Wednesday, July 18th, 2018

‘USM needs to be invested in, not cut:’ Faculty, students respond to announcement of faculty cuts

Susan Feiner, a professor of economics and women and gender studies, has continuously spoken out against USM administration since cuts last spring.
Sam Hill | The Free Press
Susan Feiner, a professor of economics and women and gender studies, has continuously spoken out against USM administration since cuts last spring.

Posted on October 06, 2014 in News
By Emma James

Neal Young, a political science major, explained that he came to USM and left for a private education.
Sam Hill | The Free Press
Neal Young, a political science major, explained that he came to USM and left for a private education.
Jerry LaSala, a professor of physics and chair of the faculty senate, said the university course load cannot be completed if faculty cuts continue.
Sam Hill | The Free Press
Jerry LaSala, a professor of physics and chair of the faculty senate, said the university course load cannot be completed if faculty cuts continue.

Students and faculty gathered in opposition to the cuts released earlier in the day by the president and provost.

Susan Feiner, professor of economics and vice president of the faculty union AFUM, announced that AFUM speaks out strongly against the ill-advised cuts that, according to her, completely compromise USM.

“Programs are explicitly detailed in the course catalog,” said Feiner. “With the faculty cuts, most programs don’t be able to deliver the degrees. Faculty are not pieces on an assembly line.”

Feiner explained that AFUM opposes the cuts and will support faculty with grievances.

Paul Christenson, professor of music, echoed Feiner.

“We all have our own areas of expertise,” said Christenson. “We are not cogs on a machine. The classes we teach are specialized and cannot be taken on by our colleagues.”

Jerry LaSala, professor of physics and chair of the faculty senate, agrees that USM cannot be sustained with the additional 18% reduction in faculty, on top of a 25% reduction in the past five years.

“Another 18% makes it virtually impossible for students to complete their degrees,” said Feiner. “Programs cannot be delivered with these faculty cuts.”

In addition to faculty cuts, two programs have been identified for complete closure. The undergraduate degree in French and masters program in applied medical sciences are both up for expedited elimination

“That’s five majors cut in the space of one month,” Feiner said.

Neal Young, a political science major, explained that he came to USM and left for a private education. He’s returned to USM to finish his degree because he feels that USM has given him a stronger foundation than the private counterpart.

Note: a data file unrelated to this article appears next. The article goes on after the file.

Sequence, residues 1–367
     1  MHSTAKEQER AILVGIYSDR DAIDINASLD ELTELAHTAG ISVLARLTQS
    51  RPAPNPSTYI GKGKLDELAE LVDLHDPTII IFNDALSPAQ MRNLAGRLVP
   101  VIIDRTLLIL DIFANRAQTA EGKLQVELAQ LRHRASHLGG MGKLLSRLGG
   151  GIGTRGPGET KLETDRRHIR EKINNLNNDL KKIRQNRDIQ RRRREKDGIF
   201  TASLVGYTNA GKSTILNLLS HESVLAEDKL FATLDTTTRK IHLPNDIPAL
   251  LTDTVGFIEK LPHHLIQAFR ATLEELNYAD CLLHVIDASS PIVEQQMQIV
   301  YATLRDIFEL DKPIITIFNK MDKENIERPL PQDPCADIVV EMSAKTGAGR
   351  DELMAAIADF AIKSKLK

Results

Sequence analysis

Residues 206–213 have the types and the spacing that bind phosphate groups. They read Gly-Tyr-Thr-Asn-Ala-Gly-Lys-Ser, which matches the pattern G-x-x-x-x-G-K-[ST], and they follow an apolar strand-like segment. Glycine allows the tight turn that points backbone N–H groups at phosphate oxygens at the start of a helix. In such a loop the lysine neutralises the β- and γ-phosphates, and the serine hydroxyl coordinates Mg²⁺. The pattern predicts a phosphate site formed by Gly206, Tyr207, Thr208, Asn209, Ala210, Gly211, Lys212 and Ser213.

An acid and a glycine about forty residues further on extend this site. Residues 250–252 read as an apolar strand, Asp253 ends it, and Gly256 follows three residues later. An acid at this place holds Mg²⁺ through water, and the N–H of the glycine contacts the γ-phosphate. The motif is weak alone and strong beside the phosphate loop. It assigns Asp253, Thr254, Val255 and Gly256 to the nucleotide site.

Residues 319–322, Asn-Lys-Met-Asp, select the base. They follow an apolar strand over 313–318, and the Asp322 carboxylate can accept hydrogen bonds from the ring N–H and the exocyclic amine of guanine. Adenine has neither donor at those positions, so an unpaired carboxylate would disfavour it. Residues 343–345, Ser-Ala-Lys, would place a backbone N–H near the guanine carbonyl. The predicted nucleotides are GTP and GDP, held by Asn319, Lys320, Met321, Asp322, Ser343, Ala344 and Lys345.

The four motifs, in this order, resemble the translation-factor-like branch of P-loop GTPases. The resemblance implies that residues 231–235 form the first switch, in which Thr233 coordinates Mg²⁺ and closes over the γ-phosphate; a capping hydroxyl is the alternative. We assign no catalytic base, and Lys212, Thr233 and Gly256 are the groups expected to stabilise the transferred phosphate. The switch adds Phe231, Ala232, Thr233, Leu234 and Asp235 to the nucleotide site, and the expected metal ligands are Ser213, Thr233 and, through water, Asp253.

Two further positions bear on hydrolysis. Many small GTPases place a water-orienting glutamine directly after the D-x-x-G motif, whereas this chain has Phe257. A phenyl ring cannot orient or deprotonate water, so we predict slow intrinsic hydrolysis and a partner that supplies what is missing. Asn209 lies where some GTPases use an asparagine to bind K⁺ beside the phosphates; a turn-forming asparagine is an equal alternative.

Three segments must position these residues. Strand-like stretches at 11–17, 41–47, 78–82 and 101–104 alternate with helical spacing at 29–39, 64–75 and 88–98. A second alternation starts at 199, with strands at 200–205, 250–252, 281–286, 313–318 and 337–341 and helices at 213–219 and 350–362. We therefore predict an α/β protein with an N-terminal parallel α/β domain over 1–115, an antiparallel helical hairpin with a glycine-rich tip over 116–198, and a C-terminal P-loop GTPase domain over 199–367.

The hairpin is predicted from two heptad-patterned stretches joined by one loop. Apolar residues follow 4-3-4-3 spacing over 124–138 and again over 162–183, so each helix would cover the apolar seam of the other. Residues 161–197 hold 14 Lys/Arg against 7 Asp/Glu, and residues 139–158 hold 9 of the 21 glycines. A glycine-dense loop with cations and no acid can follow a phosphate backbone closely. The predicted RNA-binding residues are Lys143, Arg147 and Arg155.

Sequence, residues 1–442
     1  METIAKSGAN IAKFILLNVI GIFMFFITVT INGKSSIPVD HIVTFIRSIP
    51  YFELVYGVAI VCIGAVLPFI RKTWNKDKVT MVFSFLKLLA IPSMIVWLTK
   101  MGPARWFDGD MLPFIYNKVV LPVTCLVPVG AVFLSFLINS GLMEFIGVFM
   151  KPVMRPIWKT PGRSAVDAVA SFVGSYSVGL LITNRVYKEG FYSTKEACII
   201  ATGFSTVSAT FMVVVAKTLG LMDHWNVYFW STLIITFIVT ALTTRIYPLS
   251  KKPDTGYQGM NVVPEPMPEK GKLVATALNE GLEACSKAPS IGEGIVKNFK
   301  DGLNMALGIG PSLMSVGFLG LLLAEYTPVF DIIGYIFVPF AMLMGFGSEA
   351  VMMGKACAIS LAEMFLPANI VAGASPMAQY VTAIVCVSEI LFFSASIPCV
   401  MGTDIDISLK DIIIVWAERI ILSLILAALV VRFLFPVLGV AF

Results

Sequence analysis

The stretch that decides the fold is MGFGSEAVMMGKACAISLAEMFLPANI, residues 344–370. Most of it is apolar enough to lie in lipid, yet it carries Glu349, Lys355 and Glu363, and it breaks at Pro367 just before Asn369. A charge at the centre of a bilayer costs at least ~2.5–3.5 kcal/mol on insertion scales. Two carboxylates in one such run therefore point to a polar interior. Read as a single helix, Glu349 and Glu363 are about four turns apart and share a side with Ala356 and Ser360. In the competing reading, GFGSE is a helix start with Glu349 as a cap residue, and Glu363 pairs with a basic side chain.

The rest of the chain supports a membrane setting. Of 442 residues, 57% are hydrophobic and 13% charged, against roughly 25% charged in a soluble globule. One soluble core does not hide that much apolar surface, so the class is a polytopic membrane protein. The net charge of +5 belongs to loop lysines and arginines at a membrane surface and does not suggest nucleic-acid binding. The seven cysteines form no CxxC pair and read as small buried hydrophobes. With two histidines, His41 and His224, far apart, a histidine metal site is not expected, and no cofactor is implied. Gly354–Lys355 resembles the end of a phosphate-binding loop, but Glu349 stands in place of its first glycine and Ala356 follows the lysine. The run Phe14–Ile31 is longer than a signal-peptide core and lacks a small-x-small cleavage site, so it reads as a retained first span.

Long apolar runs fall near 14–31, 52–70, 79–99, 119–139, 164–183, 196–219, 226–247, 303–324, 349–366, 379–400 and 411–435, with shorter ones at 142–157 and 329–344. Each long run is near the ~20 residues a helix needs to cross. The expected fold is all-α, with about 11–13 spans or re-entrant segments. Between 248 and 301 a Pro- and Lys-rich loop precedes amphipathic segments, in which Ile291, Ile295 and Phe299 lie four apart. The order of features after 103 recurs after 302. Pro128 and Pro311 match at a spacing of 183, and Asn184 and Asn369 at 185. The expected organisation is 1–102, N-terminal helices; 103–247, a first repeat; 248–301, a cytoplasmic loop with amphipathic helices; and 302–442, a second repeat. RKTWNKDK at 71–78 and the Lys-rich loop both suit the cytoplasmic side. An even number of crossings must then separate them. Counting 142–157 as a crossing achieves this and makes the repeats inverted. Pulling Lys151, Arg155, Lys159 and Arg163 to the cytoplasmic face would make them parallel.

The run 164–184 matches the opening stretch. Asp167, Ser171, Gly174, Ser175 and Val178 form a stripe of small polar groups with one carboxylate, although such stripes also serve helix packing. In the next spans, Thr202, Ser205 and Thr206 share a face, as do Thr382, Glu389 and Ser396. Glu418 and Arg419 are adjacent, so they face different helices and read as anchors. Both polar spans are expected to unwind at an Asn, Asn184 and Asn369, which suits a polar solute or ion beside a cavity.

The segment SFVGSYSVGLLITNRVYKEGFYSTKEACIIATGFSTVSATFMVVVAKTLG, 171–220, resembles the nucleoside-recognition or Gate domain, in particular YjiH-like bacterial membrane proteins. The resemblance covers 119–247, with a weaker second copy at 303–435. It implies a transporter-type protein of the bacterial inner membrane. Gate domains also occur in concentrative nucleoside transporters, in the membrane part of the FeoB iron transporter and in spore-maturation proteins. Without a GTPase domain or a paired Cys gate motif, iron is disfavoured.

“When you cut departments, you’re depriving students of skill sets they desperately need,” said Young. “It’s not about regurgitating a textbook. It’s about making students passionate.”

With the small faculty-to-student ratio, competitive with what students may find at a private institution, Alex Night, a physics and math major, explained that his life goals have changed as a result of creating close ties with faculty.

“Teachers can only give us love when they have energy to do it,” said Night. “[With proposed cuts] if I want to continue with life plans, I’ll have to leave. And I don’t want to do that.”

Christy Hammer, co-president of AFUM, agreed with the sentiment of a low faculty to student ratio, and expressed that she doesn’t want to see USM privatized.

“He [President David Flanagan] wants to privatize USM,” said Hammer. “Why would they cut faculty who are the revenue generators?”

In the three programs that were cut, according to Hammer, it only cut seven faculty members. One of the programs, American and New England studies, was the only master’s program in humanities for all of Southern Maine.

“That shows USM has been systematically starved,” said Hammer. “USM needs to be invested in, not cut.”

Wendy Chapkis, professor of sociology and women and gender studies, asked the people of Maine: “What do you want in terms of options for yourself and for your children? We just cut the only public humanities master’s program in southern Maine. Is that your vision for southern Maine?”

Chapkis questioned why the vision of branding USM as “Maine’s Metropolitan University” is better than as a comprehensive university.

“We are programs central to the life of the university,” Chapkis said.

Meaghan LaSala, senior women and gender studies major, emphasized that the issues USM are facing do not just affect faculty and students, but everyone in Maine.

“A comprehensive university is an economic driver,” said LaSala. “We need the people of Maine to agree that we need to invest in USM, not cut.”

The faculty cuts presented today are only phase-one of a three phase plan by the president. Later phases include looking at administrative costs.

“We [faculty] are the revenue generators,” said Feiner. “The heart of the university is with  the faculty and with  the students in the classroom. Curriculum are not prepackaged. Its not like ramen noodles.”

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